April 23, 2006

What's for Breakfast?

I usually try to make breakfast in at least once during the weekend. Not only is it a whole different range of cooking from my evening adventures, but it helps keep the budget under control. Like everyone else, I have my favourites - the frequent fliers that I turn to when adventure is out of the question - when the day is scheduled too tightly, for example. This is yesterday's breakfast - fairly self-explanatory in the main, but still worthy of a little explication.

I make steamed eggs fairly often - it is my go-to "basic breakfast" choice over fried, scrambled, or boiled. I often top the eggs with hot sauce before they go into the steamer - cooking in a layer of flavour. Yesterday, however, I wanted to try out my new Hawaiian Red Sea Salt, so the eggs remained pristine until they hit the plate. The verdict on the salt was - delicious! The crystals are much coarser than kosher salt, but with a flat, shingle-like appearance. Unlike my other fancy salts of the moment, Fleur de Sel and Brittany Organic Grey Sea Salt, the grains do not clump together at all, allowing for easy placement on a plated dish.

For those of you unfamiliar with the delights of a southern breakfast, the creamy mass shown at the bottom of the picture is hominy grits with cheese and sliced chile peppers. Enormously easy to make (I use Alber's Quick Grits, which I have to buy in Bellingham, because most grocers up here don't even seem to know what they are, let along stock them), grits fill in the role of potatoes in other breakfasts - although a true southern breakfast might have both, I suppose.

The first time I ever had grits was in New Orleans - at
Jimmy Buffett's Margaritaville. I wouldn't have naturally stumbled into a place that was clearly a tourist-trap in many ways, but the daily noon downpour had just begun, and we had ducked into the restaurant in time to get a seat rather than ride out the darkened sky and hour of skin-piercing rain huddled in the doorway looking hopeful and trying not to shiver. The menu contained "Shrimp & Grits" and it seemed like as good a time as any to check them out. I've become quite a fan. I can't even listen to Jimmy Buffett without thinking of grits, such is the power of association...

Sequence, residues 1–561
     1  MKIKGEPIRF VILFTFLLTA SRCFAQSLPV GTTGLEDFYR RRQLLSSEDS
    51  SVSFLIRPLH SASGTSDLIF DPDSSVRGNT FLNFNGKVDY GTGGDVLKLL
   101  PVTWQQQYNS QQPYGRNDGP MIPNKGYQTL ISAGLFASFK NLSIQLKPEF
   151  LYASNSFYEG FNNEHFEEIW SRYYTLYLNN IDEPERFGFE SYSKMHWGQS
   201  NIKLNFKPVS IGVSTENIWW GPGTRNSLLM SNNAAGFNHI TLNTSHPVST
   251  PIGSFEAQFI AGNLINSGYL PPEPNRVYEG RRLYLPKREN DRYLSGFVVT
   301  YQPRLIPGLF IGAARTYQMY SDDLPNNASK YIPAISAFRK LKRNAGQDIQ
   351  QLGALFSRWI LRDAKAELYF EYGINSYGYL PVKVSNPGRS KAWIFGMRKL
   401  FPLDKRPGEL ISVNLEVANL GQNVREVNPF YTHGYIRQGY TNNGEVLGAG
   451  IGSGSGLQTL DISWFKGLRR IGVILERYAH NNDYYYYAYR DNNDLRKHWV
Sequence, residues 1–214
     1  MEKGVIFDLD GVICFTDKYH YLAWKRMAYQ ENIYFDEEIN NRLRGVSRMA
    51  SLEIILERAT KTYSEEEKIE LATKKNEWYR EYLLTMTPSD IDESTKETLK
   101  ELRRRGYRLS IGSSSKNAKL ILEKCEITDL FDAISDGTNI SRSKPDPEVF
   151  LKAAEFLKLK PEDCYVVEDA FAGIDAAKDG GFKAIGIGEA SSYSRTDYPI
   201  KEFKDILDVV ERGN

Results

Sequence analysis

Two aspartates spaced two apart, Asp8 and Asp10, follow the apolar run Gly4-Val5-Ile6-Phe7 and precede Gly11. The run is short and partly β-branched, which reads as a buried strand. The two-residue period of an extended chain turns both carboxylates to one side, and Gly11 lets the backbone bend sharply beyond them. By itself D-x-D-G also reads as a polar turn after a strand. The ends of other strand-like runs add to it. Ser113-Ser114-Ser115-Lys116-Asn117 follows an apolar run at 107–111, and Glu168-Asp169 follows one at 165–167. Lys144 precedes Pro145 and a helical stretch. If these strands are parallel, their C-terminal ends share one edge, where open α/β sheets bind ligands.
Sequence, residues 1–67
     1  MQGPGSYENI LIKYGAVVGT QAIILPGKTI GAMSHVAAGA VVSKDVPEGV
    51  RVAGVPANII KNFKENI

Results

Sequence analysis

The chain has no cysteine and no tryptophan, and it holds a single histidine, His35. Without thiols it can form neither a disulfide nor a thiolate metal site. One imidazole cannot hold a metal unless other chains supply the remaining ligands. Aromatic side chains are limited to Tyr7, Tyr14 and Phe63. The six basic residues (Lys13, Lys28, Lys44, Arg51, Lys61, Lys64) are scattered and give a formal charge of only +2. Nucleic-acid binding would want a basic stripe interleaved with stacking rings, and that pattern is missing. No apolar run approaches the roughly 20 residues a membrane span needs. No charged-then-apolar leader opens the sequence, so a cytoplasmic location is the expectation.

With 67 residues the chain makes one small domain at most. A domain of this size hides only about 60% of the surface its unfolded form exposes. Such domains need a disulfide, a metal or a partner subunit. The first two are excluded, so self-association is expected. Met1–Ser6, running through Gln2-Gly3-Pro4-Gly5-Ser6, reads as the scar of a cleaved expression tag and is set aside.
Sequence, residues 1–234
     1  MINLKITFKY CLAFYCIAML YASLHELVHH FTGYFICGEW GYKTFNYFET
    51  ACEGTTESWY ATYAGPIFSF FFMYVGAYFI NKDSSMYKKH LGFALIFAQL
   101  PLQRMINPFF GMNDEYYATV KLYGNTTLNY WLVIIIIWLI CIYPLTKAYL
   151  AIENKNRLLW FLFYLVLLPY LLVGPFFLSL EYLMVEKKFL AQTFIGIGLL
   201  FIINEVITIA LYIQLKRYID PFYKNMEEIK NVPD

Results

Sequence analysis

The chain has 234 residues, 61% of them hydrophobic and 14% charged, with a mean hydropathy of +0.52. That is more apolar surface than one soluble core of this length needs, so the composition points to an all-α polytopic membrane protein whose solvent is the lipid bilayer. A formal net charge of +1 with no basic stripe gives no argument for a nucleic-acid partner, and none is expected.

I should confess that I do not usually pile the bacon onto my plate with quite such abandon. I could tell you that it was for photographic purposes, as the two strips I usually have would look paltry in comparison, but the truth is that I was working from frozen, and didn't have the time or patiences to defrost the bacon to just use what I needed. I slung the extra few strips into the pan, and we simply forced ourselves to eat them! Fortification, you know, against a day where food would be something of an unknown quantity.

This leaves only the toast left for analysis:
Healthy Way's organic whole wheat bread, made without flour, but instead using ground, sprouted grain and vital wheat gluten to adjust the texture. The breads are good - although I fancy the Alpine Chipmunk Loaf more than the plain whole wheat, which may surprise those of you who are used to me avoiding anything whole or crunchy in my bread. There is no glucose/fructose (better known as High Fructose Corn Syrup) in either of these loaves, and no refined white flour. They are very tasty. The website linked above claims that the organic breads are only available in Atlantic Canada, but this is clearly out of date.

So, no smoothies, yesterday - I was out of fruit - so now I'm pretty much craving one. Perhaps today for lunch...


Randi said...

Omg, I love grits. I get mine in MI because no one here stocks them either. Have you ever had stone ground grits from an old fashioned grist mill? Those are amazing. Lex Culinaria loves grits too. A few months ago, she sent me a check and I sent her 3 containers of grits. LOL>

Dawna said...

Hi Randi - it's great to have friends with access to the good stuff! I have American friends whom I occasionally ask to bring me stuff when they come across the border, and when I manage to go myself, the border guards always roll their eyes at what I'm claiming for: hot sauce & grits!

I haven't tried the old fashioned grits yet - the only stoneground grits available here are really polenta, and are not made from hominy. I'm pretty fond of polenta, but it's not the same deal, at all.